Biography

Wesley Longhofer joined the Goizueta Business School in 2012 after receiving his PhD in sociology from the University of Minnesota. He is currently the Executive Academic Director of The Roberto C. Goizueta Business & Society Institute, an academic research center with a mission to transform business to build a more equitable and climate-smart world. Some of his published work on charitable organizations, environmental protection, and international law has appeared in the American Sociological Review, American Journal of Sociology, Administrative Science Quarterly, Social Forces, Sociological Science, and Scientific Reports. His research on climate change and the energy sector has been funded by the National Science Foundation and featured in the Washington Post and Nature Climate Change. Wes has received a number of awards for his teaching, including the 2018 Emory Williams Distinguished Undergraduate Teaching Award and the 2016 Marc F. Adler Prize for Excellence in Teaching. He was named one of the 40 Best Business Professors Under 40 by Poets & Quants. His most recent co-authored book, Super Polluters: Tackling the World's Largest Sites of Climate-Disrupting Emissions, was published by Columbia University Press in 2020.

Education

  • PhD
    University of Minnesota
    2011
  • BA
    Texas Christian University
    2003

In the News

  • January 12, 2021
    Quartz
    "'Corporations have an obligation to respect human rights,” says Longhofer. “Over the last 10 years, more companies are trying to develop HR frameworks that follow the UN guiding principles,' a non-binding 2011 international framework asserting companies must respect and protect human rights, and offer remedies for parties if violations occur. Companies such as Unilever, for example, now have extensive human rights policies and report on their compliance with the UN principles (pdf)—albeit with mixed success."
  • September 24, 2020
    Ensia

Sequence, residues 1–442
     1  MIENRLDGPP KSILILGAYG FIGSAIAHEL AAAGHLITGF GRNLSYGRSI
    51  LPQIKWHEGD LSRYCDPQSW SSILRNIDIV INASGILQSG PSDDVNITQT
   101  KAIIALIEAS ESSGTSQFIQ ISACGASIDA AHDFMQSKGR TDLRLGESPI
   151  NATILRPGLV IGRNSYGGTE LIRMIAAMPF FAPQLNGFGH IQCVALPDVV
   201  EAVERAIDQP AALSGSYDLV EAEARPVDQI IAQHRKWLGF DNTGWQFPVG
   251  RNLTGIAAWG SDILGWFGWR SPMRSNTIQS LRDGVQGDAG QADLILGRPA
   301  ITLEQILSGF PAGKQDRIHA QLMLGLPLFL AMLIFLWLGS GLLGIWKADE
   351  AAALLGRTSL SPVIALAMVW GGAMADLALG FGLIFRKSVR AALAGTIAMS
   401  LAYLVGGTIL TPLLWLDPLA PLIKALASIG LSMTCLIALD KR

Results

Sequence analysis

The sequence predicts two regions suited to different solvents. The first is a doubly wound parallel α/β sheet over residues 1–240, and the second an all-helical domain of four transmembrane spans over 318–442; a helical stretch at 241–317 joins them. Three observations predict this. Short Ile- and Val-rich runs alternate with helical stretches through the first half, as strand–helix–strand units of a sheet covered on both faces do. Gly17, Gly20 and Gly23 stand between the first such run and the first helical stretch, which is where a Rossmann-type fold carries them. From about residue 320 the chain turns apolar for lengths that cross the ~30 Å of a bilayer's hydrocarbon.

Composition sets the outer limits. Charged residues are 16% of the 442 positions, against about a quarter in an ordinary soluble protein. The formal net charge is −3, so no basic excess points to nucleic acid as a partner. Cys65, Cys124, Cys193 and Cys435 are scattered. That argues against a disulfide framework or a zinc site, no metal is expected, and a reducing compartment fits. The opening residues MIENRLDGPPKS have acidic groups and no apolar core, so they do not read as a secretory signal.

"To be sure, companies need profits to survive, and our current stage of capitalism has delivered wealth and innovation to many. But at what cost? It has lifted millions of people around the world out of poverty just to put so many of them on the brink of falling back into it and irreparably damaged Earth in the process."
  • June 1, 2020
    Emory Magazine
    "Forget the genie in a bottle. For Wesley Longhofer, it’s all about the “Gini” in the smokestack. An associate professor of organization and management in Emory’s Goizueta Business School, Longhofer has adapted the Gini index — which usually measures wealth distribution — to evaluate the disproportionality of carbon emissions across a nation’s power plants. The higher the number, the fewer the plants accounting for the bulk of that country’s emissions."
  • July 7, 2017
    Washington Post
    "Electricity generation is the single biggest source of human-caused greenhouse gas emissions in the world — which is why there’s such a global effort to cut down on power plant emissions and expand alternative energy sources. And when it comes to power plants, research suggests that there may be new and more effective ways to tackle emissions in the future. A new study in the journal Scientific Reports examines the issue of “disproportionality” in fossil fuel-burning power plant emissions — the idea that some plants produce a heftier share of a nation’s total electricity-based emissions than others."